We’d already seen one Dalek in NuWho and, perhaps I was naïve to think we wouldn’t see them again for a while. Just as we were recovering from Rose being murdered on live television, we were even more shocked to discover she is alive, but being held in a Dalek fleet ship. The cries of ‘Exterminate’ were genuinely terrifying. This episode also revealed the story arc of Bad Wolf. I remember being totally blown away to discover the messages Rose had left the Doctor throughout the series and had to re-watch immediately to spot them all over again. I think this is when I really began to admire RTD’s work….

Number 14 – The Doctor is killed, The Impossible Astronaut, Series Image result for the impossible astronaut gif6.

There was something about this series that felt very different from the start. We knew one character was going to bite the dust but we didn’t realise it would be The Doctor, who was murdered at the side of Lake Silencio. Watching him get shot in the distance as Amy, River and Rory react in horror was very grim and a moment that haunted us for the rest of the series. (Note: The clever resolution in The Wedding of River Song should also be mentioned. Well done. Bravo. *claps*)

Number 13 – Skaro and Davros, The Magician’s Apprentice, Series 9.

Well we didn’t see this one coming. The opening story of series 9 was packed with twists and cliffhangers. Davros’ return was kept a secret until transmission, a decision which certainly paid off. The moral focus of the storyline, as the Doctor struggles with the decision to rescue or abandon the young Davros, kept us thinking throughout. The moment Skaro materialises around Missy and Clara was also a skin-tingling moment and refreshing to see other characters react in horror to a reveal, rather than the Doctor.

Number 12 – The Zygon Invasion/The Zygon Inversion, Series 9.Image result for the zygon invasion

Two of my favourite episodes to date. Subtly topical, this double bill acts as a sequel to the 50th anniversary episode and explores what happens when the 20 million Zygons hiding as humans on Earth begin to revolt. The parallels drawn between modern political issues make for a thrilling and thought provoking set of episodes and Peter Capaldi shines during a powerful speech on fairness and consequences of decisions. We also have the return of fan-favourite Osgood, who acts as a welcome source of morality in what can be a pretty grim set of episodes. Another underrated story that deserves much more praise.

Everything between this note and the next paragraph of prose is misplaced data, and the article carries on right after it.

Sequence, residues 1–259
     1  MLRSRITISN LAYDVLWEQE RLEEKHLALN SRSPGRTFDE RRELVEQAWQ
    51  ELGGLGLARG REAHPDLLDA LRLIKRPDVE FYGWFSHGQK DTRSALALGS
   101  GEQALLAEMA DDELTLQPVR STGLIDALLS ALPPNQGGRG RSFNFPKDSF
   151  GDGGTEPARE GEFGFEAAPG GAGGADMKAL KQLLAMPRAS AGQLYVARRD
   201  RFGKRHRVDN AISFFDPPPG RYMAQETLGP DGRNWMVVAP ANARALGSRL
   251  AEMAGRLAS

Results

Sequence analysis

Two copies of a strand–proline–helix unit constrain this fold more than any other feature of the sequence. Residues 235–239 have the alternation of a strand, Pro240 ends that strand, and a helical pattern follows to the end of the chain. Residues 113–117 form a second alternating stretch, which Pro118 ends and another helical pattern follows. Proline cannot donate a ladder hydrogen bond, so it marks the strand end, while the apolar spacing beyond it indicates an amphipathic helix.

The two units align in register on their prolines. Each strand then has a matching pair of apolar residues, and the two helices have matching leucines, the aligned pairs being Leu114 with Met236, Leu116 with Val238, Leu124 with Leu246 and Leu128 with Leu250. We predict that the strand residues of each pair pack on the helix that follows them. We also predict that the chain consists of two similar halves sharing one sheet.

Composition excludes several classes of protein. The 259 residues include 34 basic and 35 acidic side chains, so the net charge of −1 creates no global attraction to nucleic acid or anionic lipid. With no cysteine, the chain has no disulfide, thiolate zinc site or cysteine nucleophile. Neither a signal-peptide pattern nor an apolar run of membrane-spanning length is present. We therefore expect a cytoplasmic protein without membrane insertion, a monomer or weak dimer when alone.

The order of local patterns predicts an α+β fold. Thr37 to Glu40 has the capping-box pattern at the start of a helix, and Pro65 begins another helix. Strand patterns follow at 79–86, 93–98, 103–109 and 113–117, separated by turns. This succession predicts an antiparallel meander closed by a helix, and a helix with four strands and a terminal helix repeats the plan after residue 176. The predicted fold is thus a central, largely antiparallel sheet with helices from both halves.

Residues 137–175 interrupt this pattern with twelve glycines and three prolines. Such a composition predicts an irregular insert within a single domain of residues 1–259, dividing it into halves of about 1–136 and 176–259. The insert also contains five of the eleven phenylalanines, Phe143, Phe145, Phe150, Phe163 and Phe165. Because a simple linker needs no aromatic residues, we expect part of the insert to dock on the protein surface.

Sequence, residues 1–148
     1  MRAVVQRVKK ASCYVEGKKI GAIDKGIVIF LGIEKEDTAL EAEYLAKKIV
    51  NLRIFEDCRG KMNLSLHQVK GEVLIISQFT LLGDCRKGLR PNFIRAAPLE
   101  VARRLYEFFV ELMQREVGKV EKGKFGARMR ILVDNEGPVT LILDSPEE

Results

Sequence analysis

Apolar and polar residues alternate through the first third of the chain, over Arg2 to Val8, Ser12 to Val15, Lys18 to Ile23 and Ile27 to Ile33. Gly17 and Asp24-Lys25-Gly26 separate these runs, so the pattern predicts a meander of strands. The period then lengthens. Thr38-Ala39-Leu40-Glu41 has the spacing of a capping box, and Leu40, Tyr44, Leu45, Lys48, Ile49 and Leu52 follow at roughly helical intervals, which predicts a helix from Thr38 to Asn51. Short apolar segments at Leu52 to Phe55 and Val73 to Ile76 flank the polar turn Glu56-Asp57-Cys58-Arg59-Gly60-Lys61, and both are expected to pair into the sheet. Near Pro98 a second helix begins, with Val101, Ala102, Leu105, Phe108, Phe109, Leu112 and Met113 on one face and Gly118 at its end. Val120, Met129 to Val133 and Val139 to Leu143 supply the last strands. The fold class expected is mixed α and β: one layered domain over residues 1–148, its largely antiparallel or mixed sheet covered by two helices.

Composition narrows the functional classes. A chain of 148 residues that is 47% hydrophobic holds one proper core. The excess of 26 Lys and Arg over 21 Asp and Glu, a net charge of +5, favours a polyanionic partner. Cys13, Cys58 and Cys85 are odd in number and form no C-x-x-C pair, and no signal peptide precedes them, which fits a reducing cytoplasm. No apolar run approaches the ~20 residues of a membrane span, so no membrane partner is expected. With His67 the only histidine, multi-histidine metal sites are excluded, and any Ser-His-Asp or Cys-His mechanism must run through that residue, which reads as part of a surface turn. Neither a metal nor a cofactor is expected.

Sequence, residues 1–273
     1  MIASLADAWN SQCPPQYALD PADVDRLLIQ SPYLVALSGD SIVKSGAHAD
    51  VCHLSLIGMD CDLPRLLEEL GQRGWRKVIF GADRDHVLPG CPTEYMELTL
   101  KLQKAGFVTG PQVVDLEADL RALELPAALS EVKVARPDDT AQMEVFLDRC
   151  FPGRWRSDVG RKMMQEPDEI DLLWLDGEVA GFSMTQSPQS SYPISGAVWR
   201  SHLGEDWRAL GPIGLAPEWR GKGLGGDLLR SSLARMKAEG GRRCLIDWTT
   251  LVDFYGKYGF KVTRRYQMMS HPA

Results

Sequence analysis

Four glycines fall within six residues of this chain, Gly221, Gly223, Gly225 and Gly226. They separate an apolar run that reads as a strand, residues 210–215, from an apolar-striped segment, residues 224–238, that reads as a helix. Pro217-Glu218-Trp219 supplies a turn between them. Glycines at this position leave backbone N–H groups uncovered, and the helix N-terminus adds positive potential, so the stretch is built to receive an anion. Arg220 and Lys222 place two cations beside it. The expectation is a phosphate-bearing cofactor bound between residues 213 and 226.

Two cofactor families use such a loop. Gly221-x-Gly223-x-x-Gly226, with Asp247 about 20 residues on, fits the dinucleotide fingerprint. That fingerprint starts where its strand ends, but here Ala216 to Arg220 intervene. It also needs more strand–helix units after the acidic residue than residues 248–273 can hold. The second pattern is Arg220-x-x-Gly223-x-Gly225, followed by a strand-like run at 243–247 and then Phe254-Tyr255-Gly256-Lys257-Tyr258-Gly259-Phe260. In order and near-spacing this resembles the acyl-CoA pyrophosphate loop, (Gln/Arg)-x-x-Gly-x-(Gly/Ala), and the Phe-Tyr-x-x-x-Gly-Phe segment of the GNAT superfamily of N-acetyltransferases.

Number 11 – Eleven Regenerates, The Time of the Doctor, Christmas special.

It’s a bit annoying that Eleven happens to revert back to his younger state before Image result for eleven regeneration gif amyregenerating, but that aside, another powerful moment. Murray Gold does it again with an excellent score. The riff of ‘The Long Song’ as Amy reappears to the Doctor still brings a great big lump to my throat. And then he takes off his bow tie! Who would have thought such an action would leave millions in total despair?! But, I think what really pushes your emotional buttons in this scene is the Eleventh Doctor’s last speech…

‘I will always remember when the Doctor was me.’

You can’t help think there’s a bit more Matt Smith in that speech than the character he’s playing.

Number 10 – Amy and Rory’s deaths, The Angels Take Manhattan, Series 7.

Just when you thought Amy and Rory have survived their final episode, Rory is touched by a Weeping Angel and sent back in time to live out the rest of his life. A devastated Amy sacrifices herself to be with Rory and the Doctor is left bereft. *sniff*

Number 9 – The Master Returns, Dark Water, Series 8

Trapped in the Time War way back during The End of Time, we thought we’d saw the last of The Master. So, it was quite a shock to discover Michelle Gomez’ bonkers Mary Poppins-esque Missy was in fact The Master in female form. Gomez injected new life into the character and plays Missy with devilishly mad style. Even though she’s ‘bananas’ we can’t help but love her….even if she did kill one of the Osgoods.

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‘Torchwood. Outside the government, beyond the police…’